What kind of settings and venues do you perform at?

You pretty much adapt for any space or stage.

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Do you have a favourite stunt/act?

Tennis racket contortion. That has always been my favourite stunt. I like trying to make it look as absolutely awkward as possible. It’s the one I have the most fun with.


What’s one thing we should know about the show?

This show is real, it’s dangerous, do not bring your children to the show if they are easily influenced. With my show, and any other side show genre, we work incredibly hard to train our bodies how to do these stunts safely. It’s not illusion; it’s not fake nails, fake power drills, sugar glass, smoke and mirrors. It’s real and scary sometimes.

How can we see your act?

Hire me [laughs]. For a lot of what I do, I’m not allowed to do it on the streets, so the best way to see what we do is to convince your boss to hire us for a Christmas party or wait for a solo show. If you jump onto the facebook page we always list the shows we’ve got coming up, different functions or corporate gigs, or even if I’m doing some street stuff.

Malachi Frost as part of Rare DNA are also performing at the Clipsal 500 so be sure to check them out.

*Please note, the photos chosen for this interview are quite PG because the content might not be appropriate for the faint hearted. Please do check out the Malachi Frost; Rare DNA facebook page for more photos.


get to know ZOE WOODS

What do you do?

I make blown and carved glass sculptures that have biological sort of influences, like, the symmetrical structures in cells. I’m also really interested in the optical qualities of glass and the sort of trippy reflections you can get.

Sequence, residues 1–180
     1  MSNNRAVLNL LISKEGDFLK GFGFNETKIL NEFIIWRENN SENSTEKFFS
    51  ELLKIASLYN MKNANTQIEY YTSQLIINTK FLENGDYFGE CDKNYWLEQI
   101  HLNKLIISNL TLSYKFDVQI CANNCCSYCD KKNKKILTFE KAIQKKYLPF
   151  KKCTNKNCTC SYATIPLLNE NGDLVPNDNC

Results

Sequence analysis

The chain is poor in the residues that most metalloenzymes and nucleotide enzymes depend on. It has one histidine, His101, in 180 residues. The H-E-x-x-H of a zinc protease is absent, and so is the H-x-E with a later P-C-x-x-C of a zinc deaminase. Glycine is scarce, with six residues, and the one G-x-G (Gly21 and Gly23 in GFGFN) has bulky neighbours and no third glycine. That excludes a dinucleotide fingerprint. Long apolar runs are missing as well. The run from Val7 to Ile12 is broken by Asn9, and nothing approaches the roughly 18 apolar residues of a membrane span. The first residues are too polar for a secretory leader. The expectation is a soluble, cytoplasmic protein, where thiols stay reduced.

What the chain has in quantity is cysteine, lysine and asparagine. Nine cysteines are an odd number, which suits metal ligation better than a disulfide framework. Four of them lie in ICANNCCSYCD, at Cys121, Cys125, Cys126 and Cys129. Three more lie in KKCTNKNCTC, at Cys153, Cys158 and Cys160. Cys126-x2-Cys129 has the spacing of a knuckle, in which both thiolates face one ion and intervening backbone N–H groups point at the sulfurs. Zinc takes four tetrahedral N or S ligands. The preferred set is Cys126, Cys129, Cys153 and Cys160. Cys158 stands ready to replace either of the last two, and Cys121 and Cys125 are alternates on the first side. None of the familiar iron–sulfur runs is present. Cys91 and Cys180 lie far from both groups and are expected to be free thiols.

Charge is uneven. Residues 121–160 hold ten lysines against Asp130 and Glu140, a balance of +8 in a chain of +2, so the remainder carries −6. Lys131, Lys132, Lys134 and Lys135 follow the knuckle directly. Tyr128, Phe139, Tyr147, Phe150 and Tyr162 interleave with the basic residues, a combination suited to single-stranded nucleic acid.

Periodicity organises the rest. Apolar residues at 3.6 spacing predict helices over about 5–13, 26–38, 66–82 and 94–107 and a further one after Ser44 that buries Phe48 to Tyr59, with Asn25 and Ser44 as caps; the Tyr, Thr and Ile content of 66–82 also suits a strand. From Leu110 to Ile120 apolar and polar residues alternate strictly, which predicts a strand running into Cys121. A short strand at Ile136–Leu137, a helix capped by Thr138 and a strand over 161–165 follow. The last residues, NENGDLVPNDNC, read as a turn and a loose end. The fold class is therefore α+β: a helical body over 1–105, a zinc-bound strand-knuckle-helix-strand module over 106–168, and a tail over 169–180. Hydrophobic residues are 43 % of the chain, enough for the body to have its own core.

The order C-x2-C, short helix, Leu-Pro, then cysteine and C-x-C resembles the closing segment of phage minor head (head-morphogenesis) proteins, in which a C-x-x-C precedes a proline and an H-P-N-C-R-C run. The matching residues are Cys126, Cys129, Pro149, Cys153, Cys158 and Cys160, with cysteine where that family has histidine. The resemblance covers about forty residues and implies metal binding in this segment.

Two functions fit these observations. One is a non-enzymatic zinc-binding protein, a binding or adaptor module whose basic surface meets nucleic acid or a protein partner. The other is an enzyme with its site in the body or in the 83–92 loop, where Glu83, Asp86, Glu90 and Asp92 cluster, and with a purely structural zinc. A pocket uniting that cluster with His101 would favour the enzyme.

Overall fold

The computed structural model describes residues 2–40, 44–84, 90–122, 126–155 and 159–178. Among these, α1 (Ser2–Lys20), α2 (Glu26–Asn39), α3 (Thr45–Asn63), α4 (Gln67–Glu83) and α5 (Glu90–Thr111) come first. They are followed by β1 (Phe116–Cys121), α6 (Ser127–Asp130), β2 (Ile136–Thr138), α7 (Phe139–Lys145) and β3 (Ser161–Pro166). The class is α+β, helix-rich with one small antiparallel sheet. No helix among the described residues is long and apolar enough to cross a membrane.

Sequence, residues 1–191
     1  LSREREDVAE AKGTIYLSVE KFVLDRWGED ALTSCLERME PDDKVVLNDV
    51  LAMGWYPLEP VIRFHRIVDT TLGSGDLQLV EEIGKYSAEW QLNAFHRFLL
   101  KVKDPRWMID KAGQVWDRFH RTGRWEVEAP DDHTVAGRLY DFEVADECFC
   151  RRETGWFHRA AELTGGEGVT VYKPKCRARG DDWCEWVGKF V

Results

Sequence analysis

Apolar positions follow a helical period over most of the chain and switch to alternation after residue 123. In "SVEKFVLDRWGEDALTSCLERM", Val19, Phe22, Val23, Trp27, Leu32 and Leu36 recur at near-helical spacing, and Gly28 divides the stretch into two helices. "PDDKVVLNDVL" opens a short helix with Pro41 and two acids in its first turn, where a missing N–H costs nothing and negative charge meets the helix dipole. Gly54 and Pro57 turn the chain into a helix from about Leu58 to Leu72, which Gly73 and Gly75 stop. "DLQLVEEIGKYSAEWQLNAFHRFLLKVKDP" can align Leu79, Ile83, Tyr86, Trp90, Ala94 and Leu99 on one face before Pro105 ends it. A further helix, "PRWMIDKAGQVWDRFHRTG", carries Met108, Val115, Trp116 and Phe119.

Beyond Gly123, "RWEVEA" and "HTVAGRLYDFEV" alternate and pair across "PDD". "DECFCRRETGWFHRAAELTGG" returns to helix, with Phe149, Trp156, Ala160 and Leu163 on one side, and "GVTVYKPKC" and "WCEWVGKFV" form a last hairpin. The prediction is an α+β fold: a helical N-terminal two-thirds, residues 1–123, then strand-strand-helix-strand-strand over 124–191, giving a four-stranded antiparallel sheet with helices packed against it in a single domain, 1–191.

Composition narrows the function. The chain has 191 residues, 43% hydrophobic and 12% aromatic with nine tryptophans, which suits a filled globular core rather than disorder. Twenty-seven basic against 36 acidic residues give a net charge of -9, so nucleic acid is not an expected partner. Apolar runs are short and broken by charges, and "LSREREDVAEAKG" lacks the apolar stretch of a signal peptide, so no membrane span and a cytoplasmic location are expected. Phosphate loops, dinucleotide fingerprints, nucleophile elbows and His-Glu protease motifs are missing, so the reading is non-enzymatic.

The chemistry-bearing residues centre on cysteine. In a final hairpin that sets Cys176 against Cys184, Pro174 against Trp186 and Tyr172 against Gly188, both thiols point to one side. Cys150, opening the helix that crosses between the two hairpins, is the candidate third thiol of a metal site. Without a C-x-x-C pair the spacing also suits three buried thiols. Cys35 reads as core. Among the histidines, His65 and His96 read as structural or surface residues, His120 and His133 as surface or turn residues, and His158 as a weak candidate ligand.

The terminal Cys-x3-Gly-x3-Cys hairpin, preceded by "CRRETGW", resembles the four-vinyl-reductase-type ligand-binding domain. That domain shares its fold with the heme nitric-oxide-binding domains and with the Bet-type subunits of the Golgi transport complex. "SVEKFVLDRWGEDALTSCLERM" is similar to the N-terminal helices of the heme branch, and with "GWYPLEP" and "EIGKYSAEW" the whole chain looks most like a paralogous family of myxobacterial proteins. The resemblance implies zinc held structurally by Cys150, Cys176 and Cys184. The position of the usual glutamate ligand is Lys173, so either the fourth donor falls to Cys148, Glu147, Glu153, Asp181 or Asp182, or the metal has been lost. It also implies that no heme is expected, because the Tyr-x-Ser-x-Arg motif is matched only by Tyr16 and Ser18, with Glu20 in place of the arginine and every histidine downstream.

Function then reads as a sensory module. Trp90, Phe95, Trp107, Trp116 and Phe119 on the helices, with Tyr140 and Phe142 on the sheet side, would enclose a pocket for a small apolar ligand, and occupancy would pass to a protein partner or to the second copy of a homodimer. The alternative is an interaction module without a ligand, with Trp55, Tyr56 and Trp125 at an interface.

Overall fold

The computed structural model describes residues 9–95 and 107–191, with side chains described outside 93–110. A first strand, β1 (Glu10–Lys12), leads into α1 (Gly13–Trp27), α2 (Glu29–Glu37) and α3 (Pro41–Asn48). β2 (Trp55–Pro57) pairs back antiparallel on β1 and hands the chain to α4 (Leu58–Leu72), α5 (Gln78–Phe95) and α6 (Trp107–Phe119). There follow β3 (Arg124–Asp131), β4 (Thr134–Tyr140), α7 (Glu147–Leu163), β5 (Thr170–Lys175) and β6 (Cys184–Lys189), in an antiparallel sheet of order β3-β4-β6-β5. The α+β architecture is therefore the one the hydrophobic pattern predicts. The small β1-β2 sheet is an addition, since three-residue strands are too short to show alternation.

Describe your art

Normally I have fairly solid pieces where I trap a bubble of air inside a solid piece of glass and that bubble reflects some sort of pattern that I’ve carved into the glass. Then I have lenses that act as windows to the bubble so that you can get a little view. I guess I like to think that I’m looking at microscopic patterns.

Glacial Shift, 2014  photo by Rebecca Kammer

Glacial Shift, 2014
photo by Rebecca Kammer


What inspires you?

I don’t know, just that feeling of wonder: in nature, in the design that nature comes up with, which is crazier than people can come up with [laughs].

Do you have a favourite piece?

I think the most recent pieces that I’ve done. There’s more colour and I guess it’s a bit more graphically interesting than my older work, where I had been working a lot in black and white; and with what’s called a Graal technique.

When do you find yourself being most creative?

In the studio when I’m working. While I’m working I might see something interesting that I hadn’t noticed before. And that makes me think ‘what if I do this next time’. My work is, it’s not like each work is a completely different idea, it’s like a progression of one exploration, I guess.